This paper will follow three strands as it attempts to determine what a more engaging, democratic, and self-sufficient future might look like for the production and consumption of journalism, not just as an industry, but as a part of a wider group of cultural activities that we hold dear: firstly an account of how the undying maxims of journalism must survive the adaptation into new formats; secondly, how do we improve journalism by borrowing from other industries in cultural, political and ethical contexts? And finally, journalism is the latest in a string of industries to have been changed economically by digital abundance, i.e. the industrial possibilities that occur when the price of reproduction and distribution begin to asymptotically reach zero. What economic lessons can we learn from this?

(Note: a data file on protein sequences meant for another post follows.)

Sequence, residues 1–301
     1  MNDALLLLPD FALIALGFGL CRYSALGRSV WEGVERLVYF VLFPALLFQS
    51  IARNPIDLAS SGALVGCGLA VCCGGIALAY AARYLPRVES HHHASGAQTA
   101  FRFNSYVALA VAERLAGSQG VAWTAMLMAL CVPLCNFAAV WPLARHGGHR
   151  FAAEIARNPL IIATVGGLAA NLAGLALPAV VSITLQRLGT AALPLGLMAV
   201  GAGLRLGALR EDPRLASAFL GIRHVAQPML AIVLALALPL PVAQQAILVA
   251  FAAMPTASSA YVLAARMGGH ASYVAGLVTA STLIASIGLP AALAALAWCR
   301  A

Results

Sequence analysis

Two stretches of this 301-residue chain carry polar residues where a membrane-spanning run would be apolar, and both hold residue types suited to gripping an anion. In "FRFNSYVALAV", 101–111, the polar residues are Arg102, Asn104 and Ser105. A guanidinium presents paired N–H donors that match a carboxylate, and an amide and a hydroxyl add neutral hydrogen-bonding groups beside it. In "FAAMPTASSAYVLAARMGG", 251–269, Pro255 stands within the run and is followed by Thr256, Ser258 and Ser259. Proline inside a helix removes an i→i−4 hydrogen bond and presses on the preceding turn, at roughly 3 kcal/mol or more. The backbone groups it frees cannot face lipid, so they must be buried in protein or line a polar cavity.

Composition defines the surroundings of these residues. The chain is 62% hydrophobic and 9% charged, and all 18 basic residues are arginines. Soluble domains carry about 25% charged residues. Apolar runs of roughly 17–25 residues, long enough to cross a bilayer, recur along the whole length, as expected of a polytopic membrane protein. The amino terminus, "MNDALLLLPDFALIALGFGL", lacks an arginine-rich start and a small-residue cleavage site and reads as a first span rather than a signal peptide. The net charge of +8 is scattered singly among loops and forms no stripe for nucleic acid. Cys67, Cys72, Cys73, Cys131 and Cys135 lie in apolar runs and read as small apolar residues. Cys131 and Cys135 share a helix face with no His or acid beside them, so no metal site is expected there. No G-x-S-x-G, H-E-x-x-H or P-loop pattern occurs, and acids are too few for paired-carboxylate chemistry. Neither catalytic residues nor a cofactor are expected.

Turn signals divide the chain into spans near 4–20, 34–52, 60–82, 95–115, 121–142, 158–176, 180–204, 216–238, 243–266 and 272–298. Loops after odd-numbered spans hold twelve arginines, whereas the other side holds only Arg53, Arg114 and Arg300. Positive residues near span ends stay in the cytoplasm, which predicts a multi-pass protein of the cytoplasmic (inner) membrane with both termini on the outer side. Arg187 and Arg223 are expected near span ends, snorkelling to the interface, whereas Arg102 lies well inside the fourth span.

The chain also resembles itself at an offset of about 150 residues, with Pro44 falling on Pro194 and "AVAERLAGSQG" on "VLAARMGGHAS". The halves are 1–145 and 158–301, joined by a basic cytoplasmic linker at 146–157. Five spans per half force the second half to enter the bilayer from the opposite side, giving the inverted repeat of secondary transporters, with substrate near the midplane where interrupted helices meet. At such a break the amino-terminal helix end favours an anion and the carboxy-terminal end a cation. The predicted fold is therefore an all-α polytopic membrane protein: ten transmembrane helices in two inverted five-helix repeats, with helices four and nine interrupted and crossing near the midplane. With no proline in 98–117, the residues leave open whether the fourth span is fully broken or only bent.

This lecture was given within the framework of the 2011 School of Critical Theory organized by the Centre for the Humanities in Utrecht. The programme was titled ‘G-local Cosmopolitanism: The Social Responsibility of the Artists, the Academics, and the Media’, and offered trans-national and interdisciplinary approaches drawn from the humanities, social sciences, law, philosophy and international relations. Its focus on the development of cross-national European perspectives in these areas, allows for the innovative use of key notions of cosmopolitanism across different national, cultural and disciplinary traditions. The school consisted of three clusters, which focused on Cosmopolitanism and the social responsibility of the Artists, Cosmopolitanism and the social responsibility of the Academics, and Cosmopolitanism and the social responsibility of the Media.